Earlier this year, on a trip through the Mississippi Delta, I met a 34-year-old woman named Betty Briggs, whose fifth child, C. L., had just died of pneumonia at the age of six months-another tick on the infant mortality count. It is easy to summon from the chaos of Betty's life ample evidence for the behavioral theory of infant mortality. The baby may have died because he was born prematurely after Betty's father shot at her during an argument, causing her to flee and fall; because Betty chain-smoked hand-rolled King Albert cigarettes throughout her pregnancy; because she failed to keep him away from her own mother when she contracted pneumonia, exposing him to the contagion that killed him. Of course, it's possible, too, to set the drama of C. L.'s death on the larger stage of mean Mississippi history, since the inheritance of several centuries' unadorned subjugation played as large a role as the virus-the sharecropper life that sent Betty's mother moving from shack to shack; that pushed Betty from school after sixth grade; that killed 5 of her 12 siblings in their infancy.

Betty herself is a sweet and passive woman who was born with a crossed eye and has lost about half her teeth. She smiles at strangers but says little. It took two visits before she let on that she hides her only remembrances of C. L.-five dim Polaroids of his crib-sized casket-inside a hollowed-out compartment in a stereo receiver, beneath a potted plant, so that she won't be tempted to look at them. When she gets up at night to use the bathroom, she is more maternal than awake, and she looks toward his room to see if he's all right. "I feel like dying myself," she says, staring at the floor. "It entered my mind that God might want to punish me for something I didn't do right. Every time I look at the pictures, I cry."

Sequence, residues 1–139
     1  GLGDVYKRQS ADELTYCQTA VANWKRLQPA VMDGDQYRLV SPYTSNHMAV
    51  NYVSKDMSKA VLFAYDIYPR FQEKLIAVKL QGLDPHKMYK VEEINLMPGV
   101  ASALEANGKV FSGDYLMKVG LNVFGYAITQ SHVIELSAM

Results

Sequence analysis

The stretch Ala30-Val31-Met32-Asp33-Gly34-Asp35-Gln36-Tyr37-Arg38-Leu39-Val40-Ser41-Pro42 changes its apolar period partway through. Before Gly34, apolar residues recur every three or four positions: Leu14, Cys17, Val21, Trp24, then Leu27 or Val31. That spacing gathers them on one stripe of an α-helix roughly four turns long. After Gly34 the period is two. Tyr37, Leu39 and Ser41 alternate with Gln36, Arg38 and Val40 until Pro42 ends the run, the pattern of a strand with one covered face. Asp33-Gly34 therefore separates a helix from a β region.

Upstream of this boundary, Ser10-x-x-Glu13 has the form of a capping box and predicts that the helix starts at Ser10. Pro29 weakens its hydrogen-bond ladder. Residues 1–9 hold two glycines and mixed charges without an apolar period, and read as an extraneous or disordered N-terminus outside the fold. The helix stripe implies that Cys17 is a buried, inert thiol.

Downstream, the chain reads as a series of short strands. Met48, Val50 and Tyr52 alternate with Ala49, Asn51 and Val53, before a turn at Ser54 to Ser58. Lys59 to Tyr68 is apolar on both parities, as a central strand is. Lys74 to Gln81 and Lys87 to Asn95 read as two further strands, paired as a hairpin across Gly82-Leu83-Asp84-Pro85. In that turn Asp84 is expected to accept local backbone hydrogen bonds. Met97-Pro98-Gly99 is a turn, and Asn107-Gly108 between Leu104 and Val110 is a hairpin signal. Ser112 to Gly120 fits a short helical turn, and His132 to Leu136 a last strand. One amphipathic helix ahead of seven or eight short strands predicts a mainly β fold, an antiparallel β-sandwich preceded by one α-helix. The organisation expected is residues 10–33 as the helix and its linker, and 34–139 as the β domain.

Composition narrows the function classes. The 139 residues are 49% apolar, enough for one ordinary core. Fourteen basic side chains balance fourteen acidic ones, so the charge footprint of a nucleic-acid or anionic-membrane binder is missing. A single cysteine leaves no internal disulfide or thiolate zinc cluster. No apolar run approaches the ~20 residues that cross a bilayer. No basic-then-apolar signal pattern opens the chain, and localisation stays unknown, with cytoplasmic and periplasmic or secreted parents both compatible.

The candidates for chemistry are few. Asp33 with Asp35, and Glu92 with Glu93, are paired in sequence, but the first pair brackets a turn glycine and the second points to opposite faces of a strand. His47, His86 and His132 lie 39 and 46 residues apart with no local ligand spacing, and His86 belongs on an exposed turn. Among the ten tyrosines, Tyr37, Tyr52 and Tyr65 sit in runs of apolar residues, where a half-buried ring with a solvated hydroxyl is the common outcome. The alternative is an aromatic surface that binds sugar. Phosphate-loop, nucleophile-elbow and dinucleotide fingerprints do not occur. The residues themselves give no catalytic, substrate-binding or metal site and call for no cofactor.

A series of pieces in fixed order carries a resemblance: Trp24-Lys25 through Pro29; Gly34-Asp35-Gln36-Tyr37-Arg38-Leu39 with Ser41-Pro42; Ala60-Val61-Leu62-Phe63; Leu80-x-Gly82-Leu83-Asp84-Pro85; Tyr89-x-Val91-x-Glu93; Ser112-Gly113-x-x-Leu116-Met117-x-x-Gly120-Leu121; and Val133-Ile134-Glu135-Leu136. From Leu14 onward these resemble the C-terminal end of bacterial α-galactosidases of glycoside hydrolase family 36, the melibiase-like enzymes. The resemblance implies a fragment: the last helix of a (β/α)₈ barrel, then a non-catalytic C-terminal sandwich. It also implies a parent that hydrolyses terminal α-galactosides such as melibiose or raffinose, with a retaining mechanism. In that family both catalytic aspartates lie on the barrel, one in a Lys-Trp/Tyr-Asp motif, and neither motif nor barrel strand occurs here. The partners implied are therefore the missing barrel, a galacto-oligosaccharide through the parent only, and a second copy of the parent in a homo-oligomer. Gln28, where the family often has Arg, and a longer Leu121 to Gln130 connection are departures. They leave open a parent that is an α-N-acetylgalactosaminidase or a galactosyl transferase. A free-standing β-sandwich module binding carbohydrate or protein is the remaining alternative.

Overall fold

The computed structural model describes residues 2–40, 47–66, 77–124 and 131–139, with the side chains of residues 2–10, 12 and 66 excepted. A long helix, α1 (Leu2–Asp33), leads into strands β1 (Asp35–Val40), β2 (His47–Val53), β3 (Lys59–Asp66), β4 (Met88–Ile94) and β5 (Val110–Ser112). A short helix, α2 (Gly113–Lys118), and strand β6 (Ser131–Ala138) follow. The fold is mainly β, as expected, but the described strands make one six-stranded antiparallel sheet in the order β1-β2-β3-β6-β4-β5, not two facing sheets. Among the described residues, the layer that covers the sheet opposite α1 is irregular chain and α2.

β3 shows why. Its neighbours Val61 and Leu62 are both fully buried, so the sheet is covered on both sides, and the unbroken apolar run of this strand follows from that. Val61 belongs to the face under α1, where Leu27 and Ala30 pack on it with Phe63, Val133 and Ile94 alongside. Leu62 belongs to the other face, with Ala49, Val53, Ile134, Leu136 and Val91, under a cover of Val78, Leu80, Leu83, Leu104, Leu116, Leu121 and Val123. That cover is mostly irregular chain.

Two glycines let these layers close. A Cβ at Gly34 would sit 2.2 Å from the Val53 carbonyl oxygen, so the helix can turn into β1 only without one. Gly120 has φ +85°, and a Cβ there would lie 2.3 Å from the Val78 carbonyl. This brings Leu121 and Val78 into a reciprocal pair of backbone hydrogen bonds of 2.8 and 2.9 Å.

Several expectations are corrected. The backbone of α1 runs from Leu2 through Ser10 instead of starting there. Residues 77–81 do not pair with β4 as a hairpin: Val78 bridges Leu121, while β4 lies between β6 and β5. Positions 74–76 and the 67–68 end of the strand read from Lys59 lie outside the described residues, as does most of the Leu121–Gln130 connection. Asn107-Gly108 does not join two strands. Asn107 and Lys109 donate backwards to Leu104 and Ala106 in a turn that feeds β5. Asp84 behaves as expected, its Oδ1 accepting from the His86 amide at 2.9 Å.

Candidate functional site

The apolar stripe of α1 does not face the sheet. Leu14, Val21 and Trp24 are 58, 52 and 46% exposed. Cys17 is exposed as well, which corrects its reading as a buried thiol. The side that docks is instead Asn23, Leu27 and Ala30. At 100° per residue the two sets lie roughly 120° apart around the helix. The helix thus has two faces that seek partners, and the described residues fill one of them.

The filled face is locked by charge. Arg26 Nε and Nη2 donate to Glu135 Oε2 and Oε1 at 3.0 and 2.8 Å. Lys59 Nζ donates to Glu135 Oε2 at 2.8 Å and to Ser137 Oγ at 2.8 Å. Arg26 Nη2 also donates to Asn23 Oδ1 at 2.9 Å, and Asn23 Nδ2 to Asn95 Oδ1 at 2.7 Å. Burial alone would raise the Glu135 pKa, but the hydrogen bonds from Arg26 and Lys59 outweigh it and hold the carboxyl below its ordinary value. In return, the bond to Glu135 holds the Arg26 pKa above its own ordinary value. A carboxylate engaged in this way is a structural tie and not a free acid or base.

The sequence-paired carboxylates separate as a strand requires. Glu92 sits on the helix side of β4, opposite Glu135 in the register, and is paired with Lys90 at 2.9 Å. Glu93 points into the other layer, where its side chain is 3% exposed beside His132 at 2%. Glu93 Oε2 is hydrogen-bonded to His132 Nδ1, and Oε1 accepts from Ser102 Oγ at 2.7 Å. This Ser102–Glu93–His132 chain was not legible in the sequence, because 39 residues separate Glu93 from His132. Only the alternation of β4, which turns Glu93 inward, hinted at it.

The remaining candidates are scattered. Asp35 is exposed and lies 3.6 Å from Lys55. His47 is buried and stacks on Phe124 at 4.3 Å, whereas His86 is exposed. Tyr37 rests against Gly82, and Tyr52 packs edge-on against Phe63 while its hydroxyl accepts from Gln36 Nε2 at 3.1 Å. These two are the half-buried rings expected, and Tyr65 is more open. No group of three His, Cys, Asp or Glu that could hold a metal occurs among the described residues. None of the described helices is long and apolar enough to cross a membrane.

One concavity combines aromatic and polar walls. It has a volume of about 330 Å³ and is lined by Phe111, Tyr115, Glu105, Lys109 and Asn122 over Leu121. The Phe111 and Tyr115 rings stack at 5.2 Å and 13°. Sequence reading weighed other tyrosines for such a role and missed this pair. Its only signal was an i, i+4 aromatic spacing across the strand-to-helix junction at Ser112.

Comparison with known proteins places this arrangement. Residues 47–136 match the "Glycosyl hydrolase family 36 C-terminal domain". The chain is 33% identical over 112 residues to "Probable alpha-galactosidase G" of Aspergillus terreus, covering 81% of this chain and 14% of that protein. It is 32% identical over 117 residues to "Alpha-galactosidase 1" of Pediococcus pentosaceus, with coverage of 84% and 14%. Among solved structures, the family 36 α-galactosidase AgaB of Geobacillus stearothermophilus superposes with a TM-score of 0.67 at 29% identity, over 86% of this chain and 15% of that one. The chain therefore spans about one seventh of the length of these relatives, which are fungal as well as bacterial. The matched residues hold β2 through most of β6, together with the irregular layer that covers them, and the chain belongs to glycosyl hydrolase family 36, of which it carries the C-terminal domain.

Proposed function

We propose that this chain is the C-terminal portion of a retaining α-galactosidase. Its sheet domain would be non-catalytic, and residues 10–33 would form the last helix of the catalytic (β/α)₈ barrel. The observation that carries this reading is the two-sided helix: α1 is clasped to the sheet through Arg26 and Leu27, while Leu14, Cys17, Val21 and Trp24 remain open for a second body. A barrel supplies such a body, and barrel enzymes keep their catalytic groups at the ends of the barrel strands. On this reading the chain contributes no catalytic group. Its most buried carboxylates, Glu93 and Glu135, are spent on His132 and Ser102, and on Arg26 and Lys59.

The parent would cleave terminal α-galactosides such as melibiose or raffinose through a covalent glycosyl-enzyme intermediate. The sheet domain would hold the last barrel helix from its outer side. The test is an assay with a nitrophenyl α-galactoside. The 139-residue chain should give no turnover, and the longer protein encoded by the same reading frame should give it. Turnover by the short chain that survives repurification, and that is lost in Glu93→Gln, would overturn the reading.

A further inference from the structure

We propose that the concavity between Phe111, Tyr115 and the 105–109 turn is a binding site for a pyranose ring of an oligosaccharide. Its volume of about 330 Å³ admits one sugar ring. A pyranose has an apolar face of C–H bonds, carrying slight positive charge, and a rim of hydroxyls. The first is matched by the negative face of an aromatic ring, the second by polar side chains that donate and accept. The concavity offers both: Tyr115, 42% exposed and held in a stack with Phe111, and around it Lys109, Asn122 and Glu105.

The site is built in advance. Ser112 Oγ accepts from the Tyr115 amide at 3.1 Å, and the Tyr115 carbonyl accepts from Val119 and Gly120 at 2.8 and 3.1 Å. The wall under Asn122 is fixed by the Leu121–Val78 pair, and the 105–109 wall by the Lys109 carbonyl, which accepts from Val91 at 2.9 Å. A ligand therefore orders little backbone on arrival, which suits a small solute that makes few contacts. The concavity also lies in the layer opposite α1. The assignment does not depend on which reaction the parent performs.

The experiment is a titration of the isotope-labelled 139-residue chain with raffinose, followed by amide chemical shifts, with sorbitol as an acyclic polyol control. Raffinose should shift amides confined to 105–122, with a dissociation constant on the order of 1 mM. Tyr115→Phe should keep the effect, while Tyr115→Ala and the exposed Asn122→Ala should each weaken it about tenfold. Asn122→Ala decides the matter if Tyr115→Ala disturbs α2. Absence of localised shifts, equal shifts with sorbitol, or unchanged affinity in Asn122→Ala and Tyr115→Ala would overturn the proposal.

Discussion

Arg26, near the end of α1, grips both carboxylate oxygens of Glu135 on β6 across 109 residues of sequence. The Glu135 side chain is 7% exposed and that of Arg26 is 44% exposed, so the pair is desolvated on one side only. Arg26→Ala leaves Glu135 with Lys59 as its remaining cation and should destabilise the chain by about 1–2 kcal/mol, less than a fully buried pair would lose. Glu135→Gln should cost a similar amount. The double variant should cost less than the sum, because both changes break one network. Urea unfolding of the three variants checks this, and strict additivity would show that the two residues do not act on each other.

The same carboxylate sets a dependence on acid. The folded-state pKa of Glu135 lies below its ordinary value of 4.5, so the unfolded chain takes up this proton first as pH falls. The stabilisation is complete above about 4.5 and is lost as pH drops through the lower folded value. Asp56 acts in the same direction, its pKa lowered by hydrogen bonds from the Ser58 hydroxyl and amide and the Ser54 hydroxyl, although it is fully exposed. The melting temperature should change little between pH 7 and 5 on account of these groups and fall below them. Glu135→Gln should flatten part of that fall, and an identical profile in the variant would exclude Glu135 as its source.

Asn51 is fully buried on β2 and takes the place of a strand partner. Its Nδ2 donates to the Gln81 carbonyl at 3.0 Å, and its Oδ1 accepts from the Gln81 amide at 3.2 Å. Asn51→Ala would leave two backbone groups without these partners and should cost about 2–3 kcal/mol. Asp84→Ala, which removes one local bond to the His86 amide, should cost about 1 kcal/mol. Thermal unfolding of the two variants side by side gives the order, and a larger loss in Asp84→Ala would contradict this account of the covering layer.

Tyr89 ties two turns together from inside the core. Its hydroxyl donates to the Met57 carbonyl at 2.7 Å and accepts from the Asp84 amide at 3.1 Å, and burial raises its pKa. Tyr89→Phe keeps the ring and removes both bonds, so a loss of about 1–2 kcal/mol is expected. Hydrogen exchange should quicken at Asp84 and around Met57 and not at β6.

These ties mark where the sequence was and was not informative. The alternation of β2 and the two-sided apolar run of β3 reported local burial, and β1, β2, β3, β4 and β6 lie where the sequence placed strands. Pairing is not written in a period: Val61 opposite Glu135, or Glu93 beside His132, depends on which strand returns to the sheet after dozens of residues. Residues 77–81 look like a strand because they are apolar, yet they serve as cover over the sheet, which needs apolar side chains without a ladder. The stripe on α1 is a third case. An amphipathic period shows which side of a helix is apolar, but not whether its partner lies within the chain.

Washington needs conservative analysts to keep its liberal analysts honest, and vice versa. But the energy now being invested in explaining away the suffering of a nation of Americans like Betty Briggs would be better spent on finding ways to ease it. Jason DeParle is a reporter for The New York Times. *1991 Green Book: Background Material and Data on Programs Within the Jurisdiction of the Committee on Ways and Means. U. S. Government Printing Office, $34.
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Author:DeParle, Jason
Publication:Washington Monthly
Date:Jul 1, 1991